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Other Examples
ID:     720258
Type:     Greek
Issuer:     Alexander III
Date Ruled:     336-323 BC
Metal:     Silver
Denomination:     Tetradrachm
Struck / Cast:     struck
Date Struck:     332-326 BC
Weight:     17.19 g
Die Axis:     2 h
Obverse Description:     Head of Herakles right, wearing lion skin headdress
Reverse Legend:     ΑΛΕΞΑΝΔΡΟΥ
Reverse Description:     Zeus seated left on backless throne, holding eagle in right hand and scepter in left, legs parallel; prow left in left field
Mint:     Amphipolis
Primary Reference:     Price 0004
Reference2:     Muller 0503
Photograph Credit:     Classical Numismatic Group
Grade:     EF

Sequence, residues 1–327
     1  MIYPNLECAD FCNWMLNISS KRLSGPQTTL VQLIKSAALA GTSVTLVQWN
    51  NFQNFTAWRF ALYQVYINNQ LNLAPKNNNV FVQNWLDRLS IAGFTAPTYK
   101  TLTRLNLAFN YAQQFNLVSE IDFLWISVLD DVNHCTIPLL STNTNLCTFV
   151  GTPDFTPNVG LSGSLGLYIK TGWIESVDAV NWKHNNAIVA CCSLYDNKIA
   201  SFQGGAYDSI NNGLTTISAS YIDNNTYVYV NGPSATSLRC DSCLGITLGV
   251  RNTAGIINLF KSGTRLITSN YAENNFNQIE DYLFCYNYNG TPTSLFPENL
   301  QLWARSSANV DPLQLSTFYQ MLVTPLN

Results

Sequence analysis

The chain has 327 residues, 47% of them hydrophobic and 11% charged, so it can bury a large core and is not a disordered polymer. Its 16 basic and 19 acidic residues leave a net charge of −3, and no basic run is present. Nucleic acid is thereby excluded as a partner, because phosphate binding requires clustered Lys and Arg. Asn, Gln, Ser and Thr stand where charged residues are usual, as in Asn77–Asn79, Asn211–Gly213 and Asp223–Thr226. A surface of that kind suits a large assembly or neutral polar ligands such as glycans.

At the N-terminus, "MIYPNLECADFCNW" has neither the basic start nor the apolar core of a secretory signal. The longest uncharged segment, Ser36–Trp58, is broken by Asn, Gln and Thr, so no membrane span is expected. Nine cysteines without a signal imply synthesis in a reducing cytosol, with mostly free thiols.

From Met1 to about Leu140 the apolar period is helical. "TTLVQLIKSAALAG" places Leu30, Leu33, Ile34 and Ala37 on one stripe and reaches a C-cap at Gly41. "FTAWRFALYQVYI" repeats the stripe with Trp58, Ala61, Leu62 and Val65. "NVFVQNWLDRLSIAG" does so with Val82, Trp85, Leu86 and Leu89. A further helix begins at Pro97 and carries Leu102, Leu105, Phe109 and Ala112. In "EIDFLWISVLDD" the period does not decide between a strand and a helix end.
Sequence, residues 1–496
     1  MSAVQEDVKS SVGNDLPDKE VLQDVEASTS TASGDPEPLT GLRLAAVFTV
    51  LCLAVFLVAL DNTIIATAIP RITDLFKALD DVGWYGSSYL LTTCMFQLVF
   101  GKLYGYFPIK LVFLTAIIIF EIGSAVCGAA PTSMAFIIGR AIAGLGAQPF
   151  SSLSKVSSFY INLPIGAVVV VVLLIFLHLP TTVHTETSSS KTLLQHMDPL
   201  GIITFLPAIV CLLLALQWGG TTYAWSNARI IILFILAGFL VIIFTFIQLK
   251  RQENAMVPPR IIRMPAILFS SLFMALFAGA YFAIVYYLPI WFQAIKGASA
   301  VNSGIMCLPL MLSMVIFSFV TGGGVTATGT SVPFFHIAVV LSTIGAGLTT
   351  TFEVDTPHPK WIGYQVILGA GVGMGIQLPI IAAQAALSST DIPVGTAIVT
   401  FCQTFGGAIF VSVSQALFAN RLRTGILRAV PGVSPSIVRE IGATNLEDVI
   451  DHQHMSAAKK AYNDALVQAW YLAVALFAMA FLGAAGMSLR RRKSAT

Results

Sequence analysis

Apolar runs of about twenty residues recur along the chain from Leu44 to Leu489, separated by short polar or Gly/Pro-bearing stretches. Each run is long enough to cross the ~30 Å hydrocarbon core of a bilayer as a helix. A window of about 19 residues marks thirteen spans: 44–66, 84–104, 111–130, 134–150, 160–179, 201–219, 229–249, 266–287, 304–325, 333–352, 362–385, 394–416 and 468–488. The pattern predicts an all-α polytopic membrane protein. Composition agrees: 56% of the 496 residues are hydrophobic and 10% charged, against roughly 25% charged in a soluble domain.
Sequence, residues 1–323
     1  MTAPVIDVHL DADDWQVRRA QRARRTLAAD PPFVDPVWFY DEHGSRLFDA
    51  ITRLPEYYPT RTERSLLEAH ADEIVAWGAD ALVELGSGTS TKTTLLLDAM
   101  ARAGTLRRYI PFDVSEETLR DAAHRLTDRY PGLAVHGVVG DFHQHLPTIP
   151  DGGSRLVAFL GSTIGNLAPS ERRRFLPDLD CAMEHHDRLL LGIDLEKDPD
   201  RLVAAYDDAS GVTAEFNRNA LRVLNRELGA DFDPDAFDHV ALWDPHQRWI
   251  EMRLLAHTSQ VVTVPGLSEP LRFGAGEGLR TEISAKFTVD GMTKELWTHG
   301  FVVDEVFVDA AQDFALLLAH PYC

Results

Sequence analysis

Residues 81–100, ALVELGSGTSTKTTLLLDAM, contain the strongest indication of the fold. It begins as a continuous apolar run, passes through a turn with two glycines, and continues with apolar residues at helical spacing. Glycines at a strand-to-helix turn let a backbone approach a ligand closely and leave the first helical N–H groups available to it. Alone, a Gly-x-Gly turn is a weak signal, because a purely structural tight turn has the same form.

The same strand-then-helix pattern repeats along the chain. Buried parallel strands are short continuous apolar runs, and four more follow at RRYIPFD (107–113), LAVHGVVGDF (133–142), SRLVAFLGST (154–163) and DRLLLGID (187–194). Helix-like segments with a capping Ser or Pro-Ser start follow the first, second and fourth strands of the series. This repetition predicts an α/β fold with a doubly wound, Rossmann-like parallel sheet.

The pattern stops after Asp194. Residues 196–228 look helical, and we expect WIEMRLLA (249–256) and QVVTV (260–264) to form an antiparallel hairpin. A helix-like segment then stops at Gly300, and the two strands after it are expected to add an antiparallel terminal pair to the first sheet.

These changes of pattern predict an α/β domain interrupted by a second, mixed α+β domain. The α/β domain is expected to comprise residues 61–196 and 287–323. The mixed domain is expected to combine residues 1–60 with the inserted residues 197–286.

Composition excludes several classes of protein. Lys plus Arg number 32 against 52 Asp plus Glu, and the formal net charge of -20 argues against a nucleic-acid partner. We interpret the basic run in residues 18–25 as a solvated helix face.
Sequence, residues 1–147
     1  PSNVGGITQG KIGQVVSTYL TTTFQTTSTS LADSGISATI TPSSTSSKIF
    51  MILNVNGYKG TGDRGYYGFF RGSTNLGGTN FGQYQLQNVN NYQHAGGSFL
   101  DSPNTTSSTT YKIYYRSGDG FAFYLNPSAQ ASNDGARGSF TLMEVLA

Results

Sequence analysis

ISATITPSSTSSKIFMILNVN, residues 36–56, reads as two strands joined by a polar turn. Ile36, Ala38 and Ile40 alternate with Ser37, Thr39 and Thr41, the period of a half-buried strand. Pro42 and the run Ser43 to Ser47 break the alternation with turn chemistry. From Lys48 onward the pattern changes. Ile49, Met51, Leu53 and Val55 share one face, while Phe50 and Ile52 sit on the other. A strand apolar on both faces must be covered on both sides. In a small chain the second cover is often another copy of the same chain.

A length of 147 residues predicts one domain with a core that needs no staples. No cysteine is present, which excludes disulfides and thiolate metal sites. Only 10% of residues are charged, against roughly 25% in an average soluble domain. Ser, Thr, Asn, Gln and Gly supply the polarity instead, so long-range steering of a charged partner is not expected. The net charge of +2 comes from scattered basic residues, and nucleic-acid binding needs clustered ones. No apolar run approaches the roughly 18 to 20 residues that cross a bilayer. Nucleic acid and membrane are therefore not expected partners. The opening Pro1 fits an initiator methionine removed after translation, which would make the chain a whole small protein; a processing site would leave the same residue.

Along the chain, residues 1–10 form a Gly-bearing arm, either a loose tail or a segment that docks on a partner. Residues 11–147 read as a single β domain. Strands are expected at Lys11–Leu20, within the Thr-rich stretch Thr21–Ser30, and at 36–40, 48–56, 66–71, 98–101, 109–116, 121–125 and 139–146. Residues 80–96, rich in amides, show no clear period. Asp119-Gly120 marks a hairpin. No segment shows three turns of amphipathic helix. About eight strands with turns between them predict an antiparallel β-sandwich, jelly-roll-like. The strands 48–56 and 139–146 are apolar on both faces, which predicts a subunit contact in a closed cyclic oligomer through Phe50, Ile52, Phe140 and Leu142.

Notes:     Lifetime issue under Antipater, circa 332-326 BC. In conquering the Achaemenid Empire, Alexander III encountered the difficulty of financing his new state. The collection of taxes and tribute, the payment of Macedonian soldiers and mercenaries, and the continued daily local transactions, all of which had formerly occurred under a complex system of exchange, now occurred within a more standardized system of coinage. Apart from those very few local issues which Alexander himself or his governors continued to strike, this new, so-called “imperial”, coinage consisted of issues in gold, silver, and bronze. Each particular issue featured its own iconography that emphasized the Hellenic nature and mytho-historic importance of the new regime. The vast majority Alexanders new coinage was struck in silver, namely the tetradrachm and its fractions. Based on the Attic standard, which had been the economic lingua franca of much of the Greek world, these denominations show the head of a young Herakles, the ancestor and patron of the Macedonian royal house, on the obverse, and Zeus AËtophoros, the king of the Greek pantheon, on the reverse. This Alexandrine type, which was originated by Alexander but continued to be struck long after his death by many of his successors, soon became the accepted international currency during the Hellenistic Period. Unlike earlier Greek coinage, these issues were struck at various far-flung mints within the new empire, and the great number of issues is clear evidence of the sizable output of the coinage as a whole, as well as its economic importance.For a more detailed study of the Alexander coinage, see M. J. Price, The Coinage in the Name of Alexander the Great and Philip Arrhidaeus.